Brain Refresh: Autism Supplement Revisited
The Autism Supplement is one of the most valuable tools used within the IEP process. These additional IEP recommendations, specific to students with Autism, strengthen the IEP and provide additional safe guards. This session will review the 11 key strategies, help you identify if the strategy is needed, and guide you toward a greater understanding of in-home/community training and parent/family training.
Using a Functional Analysis Approach to Target Reading Deficits in Learners with Autism Spectrum Disorder
Reading instruction has been described as a complex process. Our best teachers develop a great knowledge base and draw on a repertoire of strategies in order to work with struggling learners. Many learners, often students with Autism Spectrum Disorder, are identified as having reading challenges. This workshop will consider using the principles of a functional analysis to improve reading instruction for learners with Autism Spectrum Disorder. Researchers Daly, Witt, Martens, and Dool (1997) designate a model in which five possible hypotheses for academic deficits can be tested as functional causes why some of our learners perform poorly. We will examine each hypothesis and discuss possible intervention avenues for each.
Using Restorative Circles in Social Skill Groups
Restorative practices have grown in popularity over the past few years. Much of this research is focused on relationship building techniques. This presentation will review the use of restorative circles as a means to conduct social skill groups. It will provide strategies and ideas on how restorative circles can enhance conversational and perspective taking skills with students with Autism.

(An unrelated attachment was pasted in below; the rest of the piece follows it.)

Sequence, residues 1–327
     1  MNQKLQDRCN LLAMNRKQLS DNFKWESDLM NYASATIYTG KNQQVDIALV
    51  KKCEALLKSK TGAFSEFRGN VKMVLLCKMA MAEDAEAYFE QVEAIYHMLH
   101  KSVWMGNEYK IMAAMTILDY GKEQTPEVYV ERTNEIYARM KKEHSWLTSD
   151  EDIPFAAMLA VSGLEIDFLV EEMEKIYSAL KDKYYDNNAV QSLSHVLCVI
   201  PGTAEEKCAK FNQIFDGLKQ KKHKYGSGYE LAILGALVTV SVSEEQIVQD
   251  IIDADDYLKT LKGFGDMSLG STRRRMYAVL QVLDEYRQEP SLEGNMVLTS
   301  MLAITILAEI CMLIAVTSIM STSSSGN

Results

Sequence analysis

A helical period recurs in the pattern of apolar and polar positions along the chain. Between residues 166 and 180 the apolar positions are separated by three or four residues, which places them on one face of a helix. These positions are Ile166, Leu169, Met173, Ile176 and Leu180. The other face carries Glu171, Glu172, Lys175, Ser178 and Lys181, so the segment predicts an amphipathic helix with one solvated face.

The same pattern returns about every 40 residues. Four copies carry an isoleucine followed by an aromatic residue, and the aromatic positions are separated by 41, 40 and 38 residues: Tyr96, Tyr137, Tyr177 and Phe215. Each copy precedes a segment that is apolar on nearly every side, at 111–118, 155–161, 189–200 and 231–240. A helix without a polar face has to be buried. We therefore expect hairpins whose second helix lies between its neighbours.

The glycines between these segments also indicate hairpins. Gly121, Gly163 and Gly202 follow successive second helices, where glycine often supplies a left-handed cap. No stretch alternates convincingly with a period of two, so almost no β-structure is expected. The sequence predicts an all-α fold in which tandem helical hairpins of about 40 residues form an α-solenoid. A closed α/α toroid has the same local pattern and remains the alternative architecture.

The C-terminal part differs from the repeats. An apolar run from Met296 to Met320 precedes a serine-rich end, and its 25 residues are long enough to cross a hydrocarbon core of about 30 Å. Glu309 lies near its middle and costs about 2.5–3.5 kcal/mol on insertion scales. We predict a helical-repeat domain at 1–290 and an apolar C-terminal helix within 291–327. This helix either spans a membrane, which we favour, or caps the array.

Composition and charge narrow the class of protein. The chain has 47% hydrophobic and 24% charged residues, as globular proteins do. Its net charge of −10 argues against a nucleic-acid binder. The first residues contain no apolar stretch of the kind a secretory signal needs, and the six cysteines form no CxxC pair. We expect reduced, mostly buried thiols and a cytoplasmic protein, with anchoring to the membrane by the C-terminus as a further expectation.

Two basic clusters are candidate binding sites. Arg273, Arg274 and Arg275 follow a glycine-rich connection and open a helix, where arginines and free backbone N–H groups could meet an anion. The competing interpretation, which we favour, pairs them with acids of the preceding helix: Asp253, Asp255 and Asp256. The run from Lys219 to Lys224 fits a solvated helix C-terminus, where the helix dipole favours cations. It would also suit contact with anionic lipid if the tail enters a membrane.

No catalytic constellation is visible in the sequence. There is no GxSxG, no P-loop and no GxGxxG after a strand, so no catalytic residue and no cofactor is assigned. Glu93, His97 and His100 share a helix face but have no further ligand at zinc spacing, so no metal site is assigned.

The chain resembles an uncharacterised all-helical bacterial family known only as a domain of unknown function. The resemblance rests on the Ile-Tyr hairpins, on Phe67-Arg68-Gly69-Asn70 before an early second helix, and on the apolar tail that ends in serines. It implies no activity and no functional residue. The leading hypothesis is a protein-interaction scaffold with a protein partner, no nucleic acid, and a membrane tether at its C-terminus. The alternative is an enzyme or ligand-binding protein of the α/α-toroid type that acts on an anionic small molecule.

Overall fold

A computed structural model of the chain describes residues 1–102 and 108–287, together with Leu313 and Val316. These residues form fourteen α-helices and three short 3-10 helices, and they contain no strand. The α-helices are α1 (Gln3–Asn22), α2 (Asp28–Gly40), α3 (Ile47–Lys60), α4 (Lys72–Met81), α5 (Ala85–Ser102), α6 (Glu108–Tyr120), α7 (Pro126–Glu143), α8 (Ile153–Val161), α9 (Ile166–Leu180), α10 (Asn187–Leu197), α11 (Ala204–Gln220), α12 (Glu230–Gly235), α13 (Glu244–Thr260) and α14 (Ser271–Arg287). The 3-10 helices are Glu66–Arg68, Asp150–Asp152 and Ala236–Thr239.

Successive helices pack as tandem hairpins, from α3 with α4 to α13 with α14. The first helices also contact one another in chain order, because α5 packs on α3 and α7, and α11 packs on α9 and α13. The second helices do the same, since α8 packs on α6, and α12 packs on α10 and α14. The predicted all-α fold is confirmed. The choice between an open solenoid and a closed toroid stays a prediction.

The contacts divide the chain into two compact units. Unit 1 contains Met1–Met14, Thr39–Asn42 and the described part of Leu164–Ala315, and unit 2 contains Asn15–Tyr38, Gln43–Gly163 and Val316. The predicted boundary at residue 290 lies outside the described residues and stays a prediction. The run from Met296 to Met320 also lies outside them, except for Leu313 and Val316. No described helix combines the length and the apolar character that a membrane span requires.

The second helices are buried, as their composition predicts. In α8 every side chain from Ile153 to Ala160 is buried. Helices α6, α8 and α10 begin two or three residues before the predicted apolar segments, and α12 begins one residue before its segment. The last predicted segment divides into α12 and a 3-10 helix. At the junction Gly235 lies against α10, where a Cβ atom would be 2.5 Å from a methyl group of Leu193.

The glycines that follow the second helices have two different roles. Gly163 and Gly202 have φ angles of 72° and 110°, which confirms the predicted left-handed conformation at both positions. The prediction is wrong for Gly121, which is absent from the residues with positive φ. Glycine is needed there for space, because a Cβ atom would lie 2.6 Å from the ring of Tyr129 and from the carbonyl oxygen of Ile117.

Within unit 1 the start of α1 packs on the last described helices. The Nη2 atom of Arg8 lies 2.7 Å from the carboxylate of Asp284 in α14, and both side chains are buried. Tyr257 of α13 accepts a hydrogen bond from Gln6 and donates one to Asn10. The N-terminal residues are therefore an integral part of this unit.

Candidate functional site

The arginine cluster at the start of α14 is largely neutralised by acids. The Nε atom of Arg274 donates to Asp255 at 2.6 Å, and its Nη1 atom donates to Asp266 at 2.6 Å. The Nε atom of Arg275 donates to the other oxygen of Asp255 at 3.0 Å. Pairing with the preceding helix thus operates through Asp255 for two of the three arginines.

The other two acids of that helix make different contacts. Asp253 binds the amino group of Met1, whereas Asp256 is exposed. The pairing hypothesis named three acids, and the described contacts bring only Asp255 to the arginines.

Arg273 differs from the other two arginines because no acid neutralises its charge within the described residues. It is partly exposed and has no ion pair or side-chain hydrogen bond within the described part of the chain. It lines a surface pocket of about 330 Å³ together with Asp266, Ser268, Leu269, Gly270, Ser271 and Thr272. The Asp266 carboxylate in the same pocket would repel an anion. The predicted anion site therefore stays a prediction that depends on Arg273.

Utilizing Visuals to Support Students with Communication, Task Completion, and Behavior
This session will focus on Visuals, which are essential to supporting students in the academic environment. The presentation will explain and outline strategies that will guide you in implementing visual supports in the classroom so that students with ASD can be successful and avoid frustration. Attendees will also have the opportunity to make and take visual supports that illustrate important information, facilitate transitions & communication, convey expectations, and provide understanding and predictability.
Autism: A Personal Perspective
Ryan shares with his audience some of the core challenges of having autism and strategies he has used to overcome those challenges. He begins his story with memories of early childhood and a comparison between his experiences in a self-contained classroom and his experiences in an inclusive school setting. Also discussed are the many benefits he received from the interventions and supports provided by his teachers, therapists, and classmates along with the enduring relationships that developed. Later on, Ryan discusses his experiences during his college years.
When You Don't Know What to Do, What Do You Do? Practical Strategies to Support Students across the Autism Spectrum